Background: Antimicrobial peptides (AMP) are important effectors of the innate immune system. Although there is increasing evidence that AMPs influence bacteria in a multitude of ways, bacterial wall rupture plays the pivotal role in the bactericidal action of AMPs. Structurally, AMPs share many similarities with endogenous heparin-binding peptides with respect to secondary structure, cationicity, and amphipathicity.
Findings: In this study, we show that RQA21 (RQAREHSERKKRRRESECKAA), a cationic and hydrophilic heparin-binding peptide corresponding to the C-terminal region of extracellular superoxide dismutase (SOD), exerts antimicrobial activity against Escherichia coli, Pseudomonas aeruginosa, Staphylococcus aureus, Bacillus subtilis and Candida albicans. The peptide was also found to induce membrane leakage of negatively charged liposomes. However, its antibacterial effects were abrogated in physiological salt conditions as well as in plasma.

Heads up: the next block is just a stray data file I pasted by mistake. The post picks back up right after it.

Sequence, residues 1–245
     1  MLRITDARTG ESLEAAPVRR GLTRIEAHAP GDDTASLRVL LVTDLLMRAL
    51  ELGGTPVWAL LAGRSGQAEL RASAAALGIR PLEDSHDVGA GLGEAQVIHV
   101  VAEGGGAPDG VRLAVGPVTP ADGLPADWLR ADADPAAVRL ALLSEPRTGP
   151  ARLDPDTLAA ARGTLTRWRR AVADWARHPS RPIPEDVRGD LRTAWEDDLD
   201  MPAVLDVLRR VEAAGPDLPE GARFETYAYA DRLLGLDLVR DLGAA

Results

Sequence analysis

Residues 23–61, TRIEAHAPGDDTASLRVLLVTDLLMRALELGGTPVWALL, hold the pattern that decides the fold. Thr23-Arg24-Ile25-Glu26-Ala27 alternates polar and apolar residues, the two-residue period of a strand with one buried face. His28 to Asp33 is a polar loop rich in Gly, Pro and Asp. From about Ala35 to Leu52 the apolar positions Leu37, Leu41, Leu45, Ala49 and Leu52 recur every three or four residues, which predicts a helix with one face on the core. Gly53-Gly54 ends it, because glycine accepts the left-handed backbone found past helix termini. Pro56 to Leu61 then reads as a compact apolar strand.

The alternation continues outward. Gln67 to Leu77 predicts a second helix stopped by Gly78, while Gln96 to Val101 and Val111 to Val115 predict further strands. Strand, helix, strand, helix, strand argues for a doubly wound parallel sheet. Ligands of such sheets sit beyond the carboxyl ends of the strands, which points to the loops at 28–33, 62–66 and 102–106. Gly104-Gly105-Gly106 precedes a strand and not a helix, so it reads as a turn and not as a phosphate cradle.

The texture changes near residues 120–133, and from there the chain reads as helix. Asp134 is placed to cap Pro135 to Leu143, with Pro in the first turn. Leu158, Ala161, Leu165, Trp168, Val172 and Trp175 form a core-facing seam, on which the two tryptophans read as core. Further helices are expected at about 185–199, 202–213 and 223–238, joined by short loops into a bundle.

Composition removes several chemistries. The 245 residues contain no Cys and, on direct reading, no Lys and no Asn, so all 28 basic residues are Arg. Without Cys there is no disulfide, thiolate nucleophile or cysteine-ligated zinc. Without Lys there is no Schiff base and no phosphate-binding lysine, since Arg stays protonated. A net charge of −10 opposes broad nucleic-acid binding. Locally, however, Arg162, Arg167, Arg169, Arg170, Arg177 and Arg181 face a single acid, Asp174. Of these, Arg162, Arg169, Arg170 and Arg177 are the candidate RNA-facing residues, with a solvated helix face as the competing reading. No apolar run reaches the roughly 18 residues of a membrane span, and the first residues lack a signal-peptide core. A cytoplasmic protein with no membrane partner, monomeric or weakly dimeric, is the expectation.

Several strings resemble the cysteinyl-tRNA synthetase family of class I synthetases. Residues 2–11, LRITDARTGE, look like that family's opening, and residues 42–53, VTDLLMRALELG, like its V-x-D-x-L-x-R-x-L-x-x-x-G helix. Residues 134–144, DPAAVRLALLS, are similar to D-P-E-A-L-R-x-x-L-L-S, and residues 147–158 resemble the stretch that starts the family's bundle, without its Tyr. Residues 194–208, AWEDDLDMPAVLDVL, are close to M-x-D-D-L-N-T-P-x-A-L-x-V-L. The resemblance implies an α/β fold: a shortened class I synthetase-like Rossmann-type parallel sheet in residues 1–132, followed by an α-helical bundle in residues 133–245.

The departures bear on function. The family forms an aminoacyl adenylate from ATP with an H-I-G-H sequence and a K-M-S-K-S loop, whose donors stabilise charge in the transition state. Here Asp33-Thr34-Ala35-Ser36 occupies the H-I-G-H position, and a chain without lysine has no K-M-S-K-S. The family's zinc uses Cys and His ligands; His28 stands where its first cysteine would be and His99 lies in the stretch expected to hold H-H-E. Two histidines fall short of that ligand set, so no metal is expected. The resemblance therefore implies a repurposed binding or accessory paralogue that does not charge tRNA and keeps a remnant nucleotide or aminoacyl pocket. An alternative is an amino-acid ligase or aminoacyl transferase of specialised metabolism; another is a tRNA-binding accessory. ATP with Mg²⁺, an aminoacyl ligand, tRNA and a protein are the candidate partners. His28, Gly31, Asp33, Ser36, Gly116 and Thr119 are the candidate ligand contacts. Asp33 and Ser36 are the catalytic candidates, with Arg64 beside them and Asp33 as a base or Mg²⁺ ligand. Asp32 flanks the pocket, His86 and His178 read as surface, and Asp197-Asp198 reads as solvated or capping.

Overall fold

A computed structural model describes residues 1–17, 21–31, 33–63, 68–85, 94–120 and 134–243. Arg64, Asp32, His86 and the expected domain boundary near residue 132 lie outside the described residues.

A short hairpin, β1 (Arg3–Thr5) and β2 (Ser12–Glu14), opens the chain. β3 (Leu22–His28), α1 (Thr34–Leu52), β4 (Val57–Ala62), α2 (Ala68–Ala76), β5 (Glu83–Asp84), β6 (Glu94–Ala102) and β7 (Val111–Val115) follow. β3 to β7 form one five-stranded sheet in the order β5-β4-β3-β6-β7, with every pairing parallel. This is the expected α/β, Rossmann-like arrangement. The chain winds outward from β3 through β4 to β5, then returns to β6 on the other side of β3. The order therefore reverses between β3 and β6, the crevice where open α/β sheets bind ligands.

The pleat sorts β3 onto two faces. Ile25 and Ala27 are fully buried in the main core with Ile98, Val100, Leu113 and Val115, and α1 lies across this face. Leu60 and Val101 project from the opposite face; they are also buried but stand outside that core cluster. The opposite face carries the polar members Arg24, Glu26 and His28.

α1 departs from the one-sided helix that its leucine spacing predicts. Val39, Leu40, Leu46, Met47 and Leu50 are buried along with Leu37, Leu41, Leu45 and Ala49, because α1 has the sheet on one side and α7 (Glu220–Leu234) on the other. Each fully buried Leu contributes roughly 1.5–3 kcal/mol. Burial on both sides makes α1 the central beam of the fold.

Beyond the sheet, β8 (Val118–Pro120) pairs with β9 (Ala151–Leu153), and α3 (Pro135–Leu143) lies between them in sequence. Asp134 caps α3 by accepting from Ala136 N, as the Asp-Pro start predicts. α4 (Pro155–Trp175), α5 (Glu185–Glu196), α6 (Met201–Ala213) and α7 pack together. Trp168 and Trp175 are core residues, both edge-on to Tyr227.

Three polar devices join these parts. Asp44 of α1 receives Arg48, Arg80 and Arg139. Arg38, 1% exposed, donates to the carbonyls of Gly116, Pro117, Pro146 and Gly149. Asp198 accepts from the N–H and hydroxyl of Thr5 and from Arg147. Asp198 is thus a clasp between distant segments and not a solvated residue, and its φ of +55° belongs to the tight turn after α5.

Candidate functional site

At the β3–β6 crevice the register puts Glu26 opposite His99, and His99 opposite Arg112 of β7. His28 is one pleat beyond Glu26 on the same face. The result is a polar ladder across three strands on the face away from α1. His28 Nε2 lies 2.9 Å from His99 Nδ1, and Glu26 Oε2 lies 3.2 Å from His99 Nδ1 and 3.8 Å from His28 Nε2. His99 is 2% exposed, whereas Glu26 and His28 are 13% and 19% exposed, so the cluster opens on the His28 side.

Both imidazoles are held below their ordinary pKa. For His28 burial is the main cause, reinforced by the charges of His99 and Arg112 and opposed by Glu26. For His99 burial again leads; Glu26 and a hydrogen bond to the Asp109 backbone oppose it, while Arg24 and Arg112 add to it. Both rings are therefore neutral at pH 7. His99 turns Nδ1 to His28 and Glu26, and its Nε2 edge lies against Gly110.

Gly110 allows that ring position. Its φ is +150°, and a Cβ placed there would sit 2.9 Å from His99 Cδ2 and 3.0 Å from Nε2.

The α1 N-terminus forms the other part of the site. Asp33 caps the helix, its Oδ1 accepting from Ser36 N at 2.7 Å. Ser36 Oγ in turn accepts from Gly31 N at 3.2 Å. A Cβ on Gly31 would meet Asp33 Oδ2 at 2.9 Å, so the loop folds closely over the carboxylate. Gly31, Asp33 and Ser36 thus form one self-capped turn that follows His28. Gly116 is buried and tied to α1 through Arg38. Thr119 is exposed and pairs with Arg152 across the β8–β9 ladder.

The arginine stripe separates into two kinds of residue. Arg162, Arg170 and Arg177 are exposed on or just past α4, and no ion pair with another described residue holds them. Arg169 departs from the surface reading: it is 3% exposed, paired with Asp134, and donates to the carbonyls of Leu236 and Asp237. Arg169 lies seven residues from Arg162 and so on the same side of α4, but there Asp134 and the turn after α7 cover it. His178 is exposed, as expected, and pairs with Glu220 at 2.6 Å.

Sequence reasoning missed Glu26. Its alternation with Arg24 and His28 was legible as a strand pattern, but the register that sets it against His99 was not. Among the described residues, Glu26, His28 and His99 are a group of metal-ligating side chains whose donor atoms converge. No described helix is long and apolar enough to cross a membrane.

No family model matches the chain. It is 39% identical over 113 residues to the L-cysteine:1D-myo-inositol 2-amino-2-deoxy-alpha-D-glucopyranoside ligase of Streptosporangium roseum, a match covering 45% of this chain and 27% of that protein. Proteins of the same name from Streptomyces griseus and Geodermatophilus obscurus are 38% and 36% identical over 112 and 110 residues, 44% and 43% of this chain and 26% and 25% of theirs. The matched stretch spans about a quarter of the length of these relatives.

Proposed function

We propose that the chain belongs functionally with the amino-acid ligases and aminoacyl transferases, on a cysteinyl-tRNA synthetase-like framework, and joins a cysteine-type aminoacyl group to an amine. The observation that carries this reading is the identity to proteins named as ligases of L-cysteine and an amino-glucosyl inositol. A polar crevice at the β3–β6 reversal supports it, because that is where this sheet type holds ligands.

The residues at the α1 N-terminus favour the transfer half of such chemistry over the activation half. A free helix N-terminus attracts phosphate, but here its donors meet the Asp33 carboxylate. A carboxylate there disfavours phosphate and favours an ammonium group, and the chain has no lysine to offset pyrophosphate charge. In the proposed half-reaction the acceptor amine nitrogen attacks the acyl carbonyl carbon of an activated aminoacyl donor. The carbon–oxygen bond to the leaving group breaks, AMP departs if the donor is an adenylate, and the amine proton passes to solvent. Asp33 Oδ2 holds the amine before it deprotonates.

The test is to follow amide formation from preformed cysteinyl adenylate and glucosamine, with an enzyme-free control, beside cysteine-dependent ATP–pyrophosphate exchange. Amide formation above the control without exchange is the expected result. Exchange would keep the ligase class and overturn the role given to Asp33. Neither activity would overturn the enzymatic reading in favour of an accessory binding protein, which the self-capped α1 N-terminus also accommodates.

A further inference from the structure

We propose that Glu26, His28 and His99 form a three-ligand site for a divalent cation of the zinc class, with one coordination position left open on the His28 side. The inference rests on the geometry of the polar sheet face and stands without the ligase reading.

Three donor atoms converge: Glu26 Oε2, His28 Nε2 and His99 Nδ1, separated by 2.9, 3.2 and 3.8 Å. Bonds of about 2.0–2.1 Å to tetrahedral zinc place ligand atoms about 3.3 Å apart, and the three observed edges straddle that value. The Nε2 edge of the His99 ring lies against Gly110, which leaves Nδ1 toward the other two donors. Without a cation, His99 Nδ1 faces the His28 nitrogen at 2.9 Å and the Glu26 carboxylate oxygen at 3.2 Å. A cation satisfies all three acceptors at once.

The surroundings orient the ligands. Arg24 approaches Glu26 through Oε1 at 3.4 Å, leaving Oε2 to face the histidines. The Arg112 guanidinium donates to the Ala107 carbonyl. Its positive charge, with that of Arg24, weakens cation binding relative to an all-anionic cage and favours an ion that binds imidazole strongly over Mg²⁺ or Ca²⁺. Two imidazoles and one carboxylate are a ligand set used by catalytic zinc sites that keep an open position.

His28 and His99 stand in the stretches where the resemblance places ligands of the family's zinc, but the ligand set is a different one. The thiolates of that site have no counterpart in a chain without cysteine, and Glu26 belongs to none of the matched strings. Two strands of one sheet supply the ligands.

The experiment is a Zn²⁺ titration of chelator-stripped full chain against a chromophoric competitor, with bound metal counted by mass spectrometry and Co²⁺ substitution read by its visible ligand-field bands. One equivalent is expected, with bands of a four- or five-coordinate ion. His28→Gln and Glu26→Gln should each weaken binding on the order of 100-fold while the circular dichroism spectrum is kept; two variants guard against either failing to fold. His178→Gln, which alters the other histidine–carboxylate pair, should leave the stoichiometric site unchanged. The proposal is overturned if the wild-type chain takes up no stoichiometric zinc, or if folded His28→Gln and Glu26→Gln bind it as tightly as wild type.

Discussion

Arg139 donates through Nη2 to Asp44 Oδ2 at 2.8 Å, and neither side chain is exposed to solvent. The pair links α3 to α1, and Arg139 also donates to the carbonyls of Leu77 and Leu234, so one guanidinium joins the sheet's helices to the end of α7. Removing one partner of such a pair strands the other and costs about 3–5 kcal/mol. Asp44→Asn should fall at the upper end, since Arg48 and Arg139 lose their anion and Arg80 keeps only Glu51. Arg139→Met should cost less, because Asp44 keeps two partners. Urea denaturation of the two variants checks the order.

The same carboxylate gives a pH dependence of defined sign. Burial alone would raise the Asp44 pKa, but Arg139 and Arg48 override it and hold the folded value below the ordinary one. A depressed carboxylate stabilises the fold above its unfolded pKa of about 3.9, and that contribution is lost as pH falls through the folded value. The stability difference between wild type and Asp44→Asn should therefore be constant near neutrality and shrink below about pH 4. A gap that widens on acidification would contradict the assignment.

Conclusion: The results provide further evidence that heparin-binding peptide regions are multifunctional, but also illustrate that cationicity alone is not sufficient for AMP function at physiological conditions. However, our observation, apart from providing a link between heparin-binding peptides and AMPs, raises the hypothesis that proteolytically generated C-terminal SOD-derived peptides could interact with, and possibly counteract bacteria. Further studies are therefore merited to study a possible role of SOD in host defence.